Blog
February 8, 2023

Central Ohio’s Measles Outbreak Was Scary. We Can Prevent the Next One.

Dr. Bradley Jackson, Plan Performance Medical Director at Anthem BCBS Ohio Medicaid

In November and December of 2022, Ohio made international news for a reason we don’t want to celebrate: We had the country’s worst outbreak of measles. A disease that is absolutely preventable through vaccination, and had once been eradicated in the U.S., was moving through central Ohio communities with alarming speed.

It was alarming because, contrary to what many believe, measles isn’t a harmless childhood disease with a funny little rash. Fever can spike to more than 104 degrees Fahrenheit — dangerous territory, especially for babies and young children. Extended fever can cause brain swelling (encephalitis) and damage that leads to developmental and learning delays.

And, as with most measles outbreaks, the vast majority of cases in central Ohio were among children age 5 and younger. Thankfully, none of the 85 cases resulted in death, but 36 were sick enough to go to the hospital. And almost everyone — all but five — was unvaccinated. Four had received only one of the two required MMR vaccines, and only one had received both doses.

Many of the unvaccinated children are in new American families, among whom vaccination rates are relatively low.

For me, the experience reveals some clear priorities for leaders in health care: We must improve rates of vaccination, especially among new Americans, and to do so we have to communicate directly with families.

Where people are still learning English and aren’t yet well connected with social institutions, PSAs urging them to get vaccinated aren’t terribly effective. A Columbus Dispatch story in January outlined efforts by public health officials and community leaders to counter misconceptions and lack of information about vaccination. One woman had been told by a religious leader that the measles vaccine contained poison. Others simply don’t know anyone familiar with the vaccine regimen practiced in the U.S.

In such situations, there is no substitute for a family health practitioner, a school nurse, a community leader, or other trusted source explaining that vaccines are not only safe but extremely important for preventing serious sickness. This responsibility is becoming more and more important as rates of vaccination against measles and other preventable diseases decline in the U.S. and around the world.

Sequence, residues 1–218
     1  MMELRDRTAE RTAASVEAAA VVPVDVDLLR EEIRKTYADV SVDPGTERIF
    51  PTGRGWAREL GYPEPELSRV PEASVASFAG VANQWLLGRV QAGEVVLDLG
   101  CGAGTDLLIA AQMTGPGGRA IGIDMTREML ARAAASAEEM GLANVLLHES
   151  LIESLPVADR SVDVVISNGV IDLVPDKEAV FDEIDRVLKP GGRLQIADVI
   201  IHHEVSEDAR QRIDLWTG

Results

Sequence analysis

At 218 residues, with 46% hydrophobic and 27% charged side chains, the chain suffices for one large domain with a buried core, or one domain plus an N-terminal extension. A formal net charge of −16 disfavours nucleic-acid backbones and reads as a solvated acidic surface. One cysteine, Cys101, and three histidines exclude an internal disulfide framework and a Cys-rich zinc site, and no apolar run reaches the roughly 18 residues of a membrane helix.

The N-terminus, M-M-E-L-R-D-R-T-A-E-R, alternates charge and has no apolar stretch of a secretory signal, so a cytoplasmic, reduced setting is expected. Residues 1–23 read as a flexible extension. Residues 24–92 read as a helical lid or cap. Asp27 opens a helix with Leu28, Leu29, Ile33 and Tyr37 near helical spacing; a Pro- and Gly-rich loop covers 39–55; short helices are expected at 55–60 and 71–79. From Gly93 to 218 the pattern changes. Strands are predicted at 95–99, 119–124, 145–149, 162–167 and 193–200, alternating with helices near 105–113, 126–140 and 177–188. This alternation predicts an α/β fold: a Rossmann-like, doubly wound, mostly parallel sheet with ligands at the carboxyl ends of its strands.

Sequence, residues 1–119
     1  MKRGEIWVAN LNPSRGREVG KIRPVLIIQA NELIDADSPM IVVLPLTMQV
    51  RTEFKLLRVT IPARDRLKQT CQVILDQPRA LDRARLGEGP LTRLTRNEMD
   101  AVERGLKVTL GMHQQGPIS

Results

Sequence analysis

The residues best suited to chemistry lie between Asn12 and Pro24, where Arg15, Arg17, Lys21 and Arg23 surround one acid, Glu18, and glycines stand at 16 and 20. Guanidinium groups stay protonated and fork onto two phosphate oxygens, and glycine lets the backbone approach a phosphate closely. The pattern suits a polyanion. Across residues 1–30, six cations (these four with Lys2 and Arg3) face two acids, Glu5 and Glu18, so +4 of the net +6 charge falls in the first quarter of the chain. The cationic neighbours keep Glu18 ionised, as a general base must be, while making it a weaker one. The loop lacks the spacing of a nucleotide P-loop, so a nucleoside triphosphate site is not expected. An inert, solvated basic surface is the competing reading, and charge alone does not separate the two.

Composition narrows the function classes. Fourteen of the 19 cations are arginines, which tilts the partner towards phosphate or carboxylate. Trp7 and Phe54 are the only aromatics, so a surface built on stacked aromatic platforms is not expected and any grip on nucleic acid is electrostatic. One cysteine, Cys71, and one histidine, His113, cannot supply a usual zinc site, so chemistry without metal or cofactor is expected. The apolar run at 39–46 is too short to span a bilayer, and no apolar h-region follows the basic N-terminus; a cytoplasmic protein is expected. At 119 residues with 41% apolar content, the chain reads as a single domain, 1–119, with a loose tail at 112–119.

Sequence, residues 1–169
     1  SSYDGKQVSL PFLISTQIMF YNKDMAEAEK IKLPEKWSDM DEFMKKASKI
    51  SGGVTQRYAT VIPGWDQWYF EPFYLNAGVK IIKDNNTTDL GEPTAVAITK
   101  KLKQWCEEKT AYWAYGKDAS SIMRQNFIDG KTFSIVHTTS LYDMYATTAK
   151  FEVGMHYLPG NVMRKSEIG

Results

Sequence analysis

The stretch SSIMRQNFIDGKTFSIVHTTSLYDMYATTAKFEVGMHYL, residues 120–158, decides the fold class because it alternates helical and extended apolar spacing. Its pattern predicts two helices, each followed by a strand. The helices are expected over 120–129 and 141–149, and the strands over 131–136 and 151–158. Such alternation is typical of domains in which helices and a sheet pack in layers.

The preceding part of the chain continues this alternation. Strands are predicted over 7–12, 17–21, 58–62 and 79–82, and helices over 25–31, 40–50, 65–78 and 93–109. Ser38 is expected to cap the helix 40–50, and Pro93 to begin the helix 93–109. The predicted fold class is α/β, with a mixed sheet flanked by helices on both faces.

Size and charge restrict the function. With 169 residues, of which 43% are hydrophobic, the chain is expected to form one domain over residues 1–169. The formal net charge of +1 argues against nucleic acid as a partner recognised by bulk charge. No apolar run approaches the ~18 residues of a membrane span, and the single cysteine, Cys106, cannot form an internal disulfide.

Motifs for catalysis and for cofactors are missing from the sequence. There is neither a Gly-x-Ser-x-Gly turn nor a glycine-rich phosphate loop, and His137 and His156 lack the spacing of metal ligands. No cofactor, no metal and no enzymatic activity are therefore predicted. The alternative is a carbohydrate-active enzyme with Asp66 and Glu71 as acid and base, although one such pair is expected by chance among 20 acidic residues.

The COVID-19 pandemic and the social turmoil around it dealt a double blow to vaccination for non-COVID diseases. First, the upheavals — shuttered institutions, economic disruption and fewer social contacts — made routine vaccinations more difficult for many. And then the misplaced controversy over the COVID-19 vaccines fueled an increase in anti-vaccination sentiment, with millions rejecting not only the new vaccine but long-established ones, as well.

According to the World Health Organization (WHO), in 2021, 25 million children missed what should have been their first measles dose and another 14.7 million missed what should have been their second — both record numbers. WHO Director-General Dr. Tedros Ghebreyesus says getting immunization programs back on track is “absolutely critical.” I agree, and we in Ohio can start with our own communities.

Ironically, a measles outbreak such as we experienced in Ohio can help us, by giving clues about which communities are most at risk and how to reach them.

Thankfully, Columbus Public Health on Feb. 5 declared the outbreak over, after 42 days (two incubation periods for the measles virus) passed with no new cases reported. If we are to prevent another outbreak from happening, we know what we need to do.